Thursday, October 21, 2021

Thursday 13--Houses

 


So I’ve talked about places I’ve lived.  But this blog is about a being a repository of my memories as much as anything so here are musings on 13 houses.  Not the places so much (which I will reference) but the houses…the homes.

1.  The first house I remember.  Halifax, Massachusetts.  I never know if I remember this house for real, or if I remember it from my Mother’s photo albums.  It had a huge yard, like houses did back then (this would be like 1966 or so) and my parents would set up a sprinkler in the summer in the front.  The neighborhood kids would come over, and we’d run through it, screaming and having a grand old time.  In the winter, piles of snow gathered at the end of the driveway (this is almost surely a memory from a picture) and my brother and I would climb it and throw snowballs at each other.

2.  Ocean Springs, Mississippi.  I will always remember our house in Pecan Park, which was a former pecan orchard.  Our house had a huge pecan tree out front, until Hurricane Camille came and it flew away, never to be seen again.  That tree must have been at least a 100 years old, but gone.  It was a brick house, with a single carport and a wall along the side of the carport.  My brother and I pretended we were in the Olympics (this was 1970-ish), and would walk it like a balance beam.  If I feel in my hairline, I can still find the scar I have from falling off, knocking my head, and getting my first set of stitches.

3.  Gautier, Mississippi (next town over from the aforementioned Ocean Springs).  My parents were fascinated by this rather forward-thinking architect who worked on the Gulf Coast at the time by the name of Carroll B. Ishee.  They would drag us hither and yon (because we were pre-teens, everything is a drag) to various Ishee Houses along the Coast and dream of owning one themselves.  Eventually giving up on THAT particular dream (expense) they bought a “kit home” and had it built on this jungle of a lot, but incorporated a lot of Ishee elements.  The house was up on pilings (the land was rather swampy) and there was this amazing deck, with a TREE growing through it, and a little bridge and elevated walkway from the street to the house.  I wish I had pictures.  It had one of those Orange 70s free-standing metal fireplaces, and an open floor plan.  Very NOT Mississippi traditional, and we loved it.  My Mom says the roof always leaked, lol.   This was the last house in Mississippi we lived in.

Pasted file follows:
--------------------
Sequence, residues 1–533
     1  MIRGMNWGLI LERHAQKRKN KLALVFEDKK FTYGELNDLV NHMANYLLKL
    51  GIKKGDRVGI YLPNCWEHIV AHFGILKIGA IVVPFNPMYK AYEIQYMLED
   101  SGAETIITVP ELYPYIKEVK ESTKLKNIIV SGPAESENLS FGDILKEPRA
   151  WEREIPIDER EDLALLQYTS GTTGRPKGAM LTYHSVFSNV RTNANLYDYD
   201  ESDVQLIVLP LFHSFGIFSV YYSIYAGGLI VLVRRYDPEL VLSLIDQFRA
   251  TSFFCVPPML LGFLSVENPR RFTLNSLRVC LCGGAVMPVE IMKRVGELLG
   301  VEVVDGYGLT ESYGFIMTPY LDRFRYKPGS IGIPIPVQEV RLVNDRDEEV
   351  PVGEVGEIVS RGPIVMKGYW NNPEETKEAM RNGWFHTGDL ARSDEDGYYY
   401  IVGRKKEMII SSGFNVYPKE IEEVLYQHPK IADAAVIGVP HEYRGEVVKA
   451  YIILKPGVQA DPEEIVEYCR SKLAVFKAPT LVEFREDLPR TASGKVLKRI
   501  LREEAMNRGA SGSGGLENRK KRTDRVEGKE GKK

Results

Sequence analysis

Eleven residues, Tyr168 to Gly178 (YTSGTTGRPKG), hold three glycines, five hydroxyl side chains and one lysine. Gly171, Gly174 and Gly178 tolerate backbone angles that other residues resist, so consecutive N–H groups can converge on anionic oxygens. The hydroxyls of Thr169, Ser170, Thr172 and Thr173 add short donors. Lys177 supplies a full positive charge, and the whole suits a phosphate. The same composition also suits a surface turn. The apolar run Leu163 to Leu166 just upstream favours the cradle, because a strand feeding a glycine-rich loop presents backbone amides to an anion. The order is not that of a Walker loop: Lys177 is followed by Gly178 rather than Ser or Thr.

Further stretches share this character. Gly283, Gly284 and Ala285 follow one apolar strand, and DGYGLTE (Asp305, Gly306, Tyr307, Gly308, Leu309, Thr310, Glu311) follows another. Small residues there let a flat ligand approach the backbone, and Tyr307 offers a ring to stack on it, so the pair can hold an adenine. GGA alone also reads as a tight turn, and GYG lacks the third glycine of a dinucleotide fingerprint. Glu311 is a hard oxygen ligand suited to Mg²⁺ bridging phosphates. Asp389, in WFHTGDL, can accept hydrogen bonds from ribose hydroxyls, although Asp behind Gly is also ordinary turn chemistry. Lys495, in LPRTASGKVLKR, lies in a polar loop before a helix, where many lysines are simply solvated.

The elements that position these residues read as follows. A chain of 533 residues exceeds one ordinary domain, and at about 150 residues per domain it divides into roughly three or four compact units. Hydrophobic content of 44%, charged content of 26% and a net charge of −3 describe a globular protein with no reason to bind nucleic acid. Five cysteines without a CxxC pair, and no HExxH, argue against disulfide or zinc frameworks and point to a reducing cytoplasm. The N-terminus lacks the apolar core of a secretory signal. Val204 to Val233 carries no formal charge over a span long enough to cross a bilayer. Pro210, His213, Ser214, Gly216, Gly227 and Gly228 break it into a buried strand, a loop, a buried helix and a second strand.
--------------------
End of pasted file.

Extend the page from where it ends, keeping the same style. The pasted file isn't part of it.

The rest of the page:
4.  Newport News, Virginia.  We rented a 2 story, 3 bedroom townhouse in a development called Lochaven, around, appropriately, a lake.  There were ducks, which we took many pictures of.  The primary memory that sticks out here is that I practically burned down the place attempting to cook French fries.  Literally.  I was a senior in high school (I think), and put a pot of oil onto the electric stove.  I’m standing there, in this rather small kitchen, waiting for the oil to heat, when the whole thing literally just bursts into flame.  I slap a lid on it, run it through the living room and the sliding glass doors, onto the back patio, and run back into the kitchen.  The ceiling and cabinets are BLACK.  I am crying, and spend the next several hours before my parents get home attempting to clean the kitchen because I know my Dad is going to be pissed BEYOND belief.  Thank GOD my parents had renter’s insurance.  Good moral to the story.

5.  Baton Rouge, Louisiana.  I hated this place, and this house, and everything about it, other than learning computers.  My bedroom was, weirdly, off the kitchen.  I remember having huge screaming matches with my brother and my Dad.  And that’s enough about that.